Doug grew up living in section houses along the railway line, and he says that he enjoyed living in pretty much all of them. His brothers and sisters would take correspondence for their schooling since they weren't near any schools . . . .
"We swam a lot in the summer time, we were always at the beach [in the late '40s] . . . . We worked a lot, you know, when we were kids . . . When mom did washing, you had to carry water like crazy, pump water, make sure you have the coal pails full, the wood piled up in the box. You'd have to chop wood, and we chopped wood for other people too, like the Koskis. We chopped I don't know how many cords of wood for Mrs. Koski. And that's the time she gave us a bowl of porridge. Porridge, Christ, I
eat that seven days a week already, and she's giving me another . . . .
"My mother was tough, she was French and Irish and just as hard as you could be.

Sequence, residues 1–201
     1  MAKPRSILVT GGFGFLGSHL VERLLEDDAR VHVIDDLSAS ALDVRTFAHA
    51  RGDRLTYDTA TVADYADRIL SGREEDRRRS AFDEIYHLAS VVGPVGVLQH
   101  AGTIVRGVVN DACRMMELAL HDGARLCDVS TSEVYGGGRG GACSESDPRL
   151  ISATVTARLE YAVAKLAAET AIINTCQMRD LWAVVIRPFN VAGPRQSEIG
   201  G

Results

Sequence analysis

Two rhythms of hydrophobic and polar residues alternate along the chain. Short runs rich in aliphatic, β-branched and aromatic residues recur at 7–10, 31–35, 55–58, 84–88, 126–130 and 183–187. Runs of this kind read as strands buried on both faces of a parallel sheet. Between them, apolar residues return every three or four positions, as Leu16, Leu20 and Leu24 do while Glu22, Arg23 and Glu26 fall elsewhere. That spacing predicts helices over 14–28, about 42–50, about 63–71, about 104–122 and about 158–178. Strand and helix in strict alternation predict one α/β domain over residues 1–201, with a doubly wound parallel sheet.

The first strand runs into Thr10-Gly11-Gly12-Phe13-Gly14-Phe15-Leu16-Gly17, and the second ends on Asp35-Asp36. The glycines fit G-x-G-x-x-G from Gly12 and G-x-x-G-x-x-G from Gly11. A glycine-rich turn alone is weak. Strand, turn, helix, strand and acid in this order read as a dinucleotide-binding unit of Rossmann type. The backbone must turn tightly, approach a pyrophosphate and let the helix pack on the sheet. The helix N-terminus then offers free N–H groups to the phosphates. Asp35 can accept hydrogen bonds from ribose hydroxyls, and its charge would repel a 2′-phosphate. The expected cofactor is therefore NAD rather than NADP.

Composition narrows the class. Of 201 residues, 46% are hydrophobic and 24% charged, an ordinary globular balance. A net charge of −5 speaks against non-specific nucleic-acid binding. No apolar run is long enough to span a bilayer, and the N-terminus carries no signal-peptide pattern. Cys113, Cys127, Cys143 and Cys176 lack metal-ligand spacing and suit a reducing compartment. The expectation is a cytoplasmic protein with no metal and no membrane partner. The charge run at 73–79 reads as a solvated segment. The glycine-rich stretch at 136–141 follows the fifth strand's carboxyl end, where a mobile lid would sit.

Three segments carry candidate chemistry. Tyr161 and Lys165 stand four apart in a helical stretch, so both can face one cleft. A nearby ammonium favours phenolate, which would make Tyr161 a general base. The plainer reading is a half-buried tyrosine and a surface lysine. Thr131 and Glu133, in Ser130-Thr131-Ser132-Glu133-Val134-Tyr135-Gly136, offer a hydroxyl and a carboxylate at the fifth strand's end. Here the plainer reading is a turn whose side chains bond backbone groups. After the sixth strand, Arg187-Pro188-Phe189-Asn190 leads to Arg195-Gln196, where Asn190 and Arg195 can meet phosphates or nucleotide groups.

You didn't mess around with her, I'll tell you. A good person, a solid person. She could [w]ring out those old thick wood blankets by hand. She baked bread, she did everything by hand. She had a hand on her like most of the guys that worked in the bush. She was strong. She had nine brothers . . . ."
In 1956 Doug lost his stepfather, and then in 1957 he lost his real father. In 1958, his mother was killed by a taxi in Geraldton . . . . [Living in Thunder Bay, he bought a summer property in Jellicoe.]
"I liked it in Jellicoe. We had a good time in Jellicoe. That's one of the nicer parts of my life that I remember."